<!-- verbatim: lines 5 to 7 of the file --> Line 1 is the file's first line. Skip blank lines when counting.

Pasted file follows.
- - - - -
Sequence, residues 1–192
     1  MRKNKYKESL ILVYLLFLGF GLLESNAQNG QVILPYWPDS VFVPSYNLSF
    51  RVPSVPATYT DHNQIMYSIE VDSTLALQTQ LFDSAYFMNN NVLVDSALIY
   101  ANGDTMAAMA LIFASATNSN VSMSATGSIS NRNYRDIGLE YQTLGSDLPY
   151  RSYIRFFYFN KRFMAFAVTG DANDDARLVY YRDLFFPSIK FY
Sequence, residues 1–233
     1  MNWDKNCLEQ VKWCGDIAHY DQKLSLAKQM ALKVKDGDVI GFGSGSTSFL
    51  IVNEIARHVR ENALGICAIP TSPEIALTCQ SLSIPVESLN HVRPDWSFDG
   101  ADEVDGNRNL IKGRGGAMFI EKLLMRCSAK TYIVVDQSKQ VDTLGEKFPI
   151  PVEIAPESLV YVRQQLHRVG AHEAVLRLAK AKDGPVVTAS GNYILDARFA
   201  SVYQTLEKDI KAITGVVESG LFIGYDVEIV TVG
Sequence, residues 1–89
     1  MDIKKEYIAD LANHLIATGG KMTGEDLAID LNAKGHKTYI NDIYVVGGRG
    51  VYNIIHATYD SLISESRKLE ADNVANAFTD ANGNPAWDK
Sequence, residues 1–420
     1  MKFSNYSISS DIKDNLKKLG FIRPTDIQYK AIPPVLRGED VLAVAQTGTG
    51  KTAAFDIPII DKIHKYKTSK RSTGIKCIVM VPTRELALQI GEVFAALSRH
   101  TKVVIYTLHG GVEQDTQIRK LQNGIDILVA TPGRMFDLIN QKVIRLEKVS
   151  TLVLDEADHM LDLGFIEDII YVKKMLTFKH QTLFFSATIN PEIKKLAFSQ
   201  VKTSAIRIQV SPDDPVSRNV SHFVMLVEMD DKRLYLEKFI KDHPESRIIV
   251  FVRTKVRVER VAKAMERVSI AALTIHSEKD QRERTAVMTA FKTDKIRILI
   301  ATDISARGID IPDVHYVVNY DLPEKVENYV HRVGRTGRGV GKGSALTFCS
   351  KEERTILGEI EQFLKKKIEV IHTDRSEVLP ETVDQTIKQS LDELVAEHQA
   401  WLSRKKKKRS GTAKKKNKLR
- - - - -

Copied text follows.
   151  RSYIRFFYFN KRFMAFAVTG DANDDARLVY YRDLFFPSIK FY
Sequence, residues 1–233
     1  MNWDKNCLEQ VKWCGDIAHY DQKLSLAKQM ALKVKDGDVI GFGSGSTSFL